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Every fundamental particle in the universe has an antiparticle, which has the same mass but the opposite charge. If a particle should ever meet its antiparticle, the two would annihilate each other in a flash of energy. But it's long been theorized that there's an exception to the rule, with certain particles that are actually their own antiparticles. Now, scientists from Stanford and the Uni
A group of scientists from California have developed a series of organic electronic components that will harmlessly dissolve into their environment after use. Read more
the literal definition of a viral movie.The post scientists encode a movie in bacterial DNA appeared first on designboom | architecture & design magazine.
Peter Parker take note, architects and chemists at the University of Cambridge have come up with an artificial spider silk that is strong, super-stretchy, non-toxic, and sustainable, yet is made from a material that is 98 percent water. The new artificial fiber is spun from hydrogel at room temperature and is less expensive to produce that current alternatives, yet possesses many of the prope
Growing human skin in the laboratory has advanced to the point where it's used to create skin grafts for burn victims, but it hasn't been possible to do the same with non-mammals – until now. Scientists led by the United States Geological Survey (USGS) have successfully reconstructed the skin of a green sea turtle as part of a study to learn more about a virus infection that threatens the end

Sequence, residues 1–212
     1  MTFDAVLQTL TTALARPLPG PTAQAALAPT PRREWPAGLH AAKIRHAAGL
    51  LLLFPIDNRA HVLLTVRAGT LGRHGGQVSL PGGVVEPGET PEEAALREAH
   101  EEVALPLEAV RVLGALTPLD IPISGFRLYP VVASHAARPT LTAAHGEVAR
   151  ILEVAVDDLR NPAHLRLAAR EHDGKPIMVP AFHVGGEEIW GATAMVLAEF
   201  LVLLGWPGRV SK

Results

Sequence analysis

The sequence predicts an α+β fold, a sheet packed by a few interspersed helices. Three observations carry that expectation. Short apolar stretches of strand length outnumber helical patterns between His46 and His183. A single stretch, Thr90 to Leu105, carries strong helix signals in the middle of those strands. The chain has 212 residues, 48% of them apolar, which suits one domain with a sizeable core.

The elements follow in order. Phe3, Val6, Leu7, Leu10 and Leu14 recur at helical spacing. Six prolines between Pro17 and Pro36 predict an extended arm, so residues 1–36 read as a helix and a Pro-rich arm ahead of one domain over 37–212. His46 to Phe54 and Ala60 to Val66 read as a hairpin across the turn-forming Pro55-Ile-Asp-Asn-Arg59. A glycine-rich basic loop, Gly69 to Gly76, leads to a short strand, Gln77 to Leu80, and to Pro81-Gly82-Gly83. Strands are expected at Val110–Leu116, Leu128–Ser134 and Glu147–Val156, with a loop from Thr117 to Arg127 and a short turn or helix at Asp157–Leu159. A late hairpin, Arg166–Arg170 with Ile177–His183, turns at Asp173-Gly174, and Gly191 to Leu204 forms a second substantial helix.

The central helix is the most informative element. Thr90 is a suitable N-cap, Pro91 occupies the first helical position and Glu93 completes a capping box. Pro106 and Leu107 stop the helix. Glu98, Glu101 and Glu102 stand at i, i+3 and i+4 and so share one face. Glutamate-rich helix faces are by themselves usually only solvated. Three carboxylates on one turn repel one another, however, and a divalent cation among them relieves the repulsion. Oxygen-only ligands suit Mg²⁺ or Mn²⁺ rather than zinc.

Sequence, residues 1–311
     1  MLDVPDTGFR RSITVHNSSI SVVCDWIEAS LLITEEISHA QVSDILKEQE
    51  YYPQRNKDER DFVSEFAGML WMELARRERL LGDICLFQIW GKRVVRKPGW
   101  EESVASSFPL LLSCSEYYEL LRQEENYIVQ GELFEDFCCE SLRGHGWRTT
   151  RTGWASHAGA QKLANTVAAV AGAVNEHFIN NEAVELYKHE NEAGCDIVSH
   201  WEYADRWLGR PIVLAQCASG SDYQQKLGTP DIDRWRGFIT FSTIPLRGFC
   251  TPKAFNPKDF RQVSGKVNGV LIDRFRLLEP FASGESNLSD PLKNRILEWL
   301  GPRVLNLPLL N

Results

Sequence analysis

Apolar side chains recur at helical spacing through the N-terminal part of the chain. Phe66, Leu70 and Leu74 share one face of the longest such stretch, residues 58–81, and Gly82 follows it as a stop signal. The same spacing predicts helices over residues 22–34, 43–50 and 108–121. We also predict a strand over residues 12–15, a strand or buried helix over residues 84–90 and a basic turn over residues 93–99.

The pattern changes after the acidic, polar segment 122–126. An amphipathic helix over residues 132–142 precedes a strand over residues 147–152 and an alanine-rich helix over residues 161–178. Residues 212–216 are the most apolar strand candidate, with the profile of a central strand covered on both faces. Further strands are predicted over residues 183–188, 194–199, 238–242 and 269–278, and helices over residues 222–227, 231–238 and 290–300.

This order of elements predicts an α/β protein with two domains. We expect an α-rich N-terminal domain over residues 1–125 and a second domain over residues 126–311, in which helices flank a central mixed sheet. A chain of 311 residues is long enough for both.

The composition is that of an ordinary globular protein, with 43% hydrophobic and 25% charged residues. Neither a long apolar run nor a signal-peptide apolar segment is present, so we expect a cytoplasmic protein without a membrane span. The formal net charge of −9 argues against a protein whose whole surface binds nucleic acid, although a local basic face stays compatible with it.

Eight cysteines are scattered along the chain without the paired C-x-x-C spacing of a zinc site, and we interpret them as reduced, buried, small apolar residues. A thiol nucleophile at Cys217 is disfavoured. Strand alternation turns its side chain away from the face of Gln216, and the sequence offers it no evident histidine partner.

Dutch water company SPA Nederland believes in the purity of their product. To prove how clean and clear their water is, they employed scientists to use a drop of SPA Nederland water as a camera lens. It sounds crazy, right? Ultimately, anything can act as a functional lens so long as it can refract light to converge at a single point. The scientists in the video below placed an aperture diaphragm
Narwhals are famous for their long ivory tusks, which reach lengths of up to nine feet. Documentary filmmaker Adam Ravetch and Fisheries and Oceans Canada used video captured by drones to discover a previously unknown use for the tusk: it's used to tap and stun fish before eating them.
scientists in japan seem jave found an alternative way of pollinating flowers, in the form of a $100 drone from amazon. The post japanese scientists artificially pollinate flowers with a bee-drone appeared first on designboom | architecture & design magazine.
Untangling a tightly wound knot can be a difficult task when dealing with shoelaces, but untangling a molecular knot produced by scientists at the University of Manchester would likely bring a whole new level of frustration. Measuring roughly 20 nanometers long, its creators claim it is the most tightly knotted physical structure ever known and could lead to the development of new advanced ma
Many of us have played with whirligigs as kids, but now these playthings made of buttons and twine are getting a new life as medical lab tools for the developing world. Bioengineers at Stanford University have developed a blood centrifuge based on the children's toy that costs only 20 US cents in materials to build, yet can compete with commercial lab centrifuges costing thousands of dollars. is a social bookmarking place where you can share, find & discuss the best news around on most topics. We focus on hi-tech reviews, gadgets and geekery but we like almost anything that's awesome, appealing and thought-provoking! er6i9ds5mz

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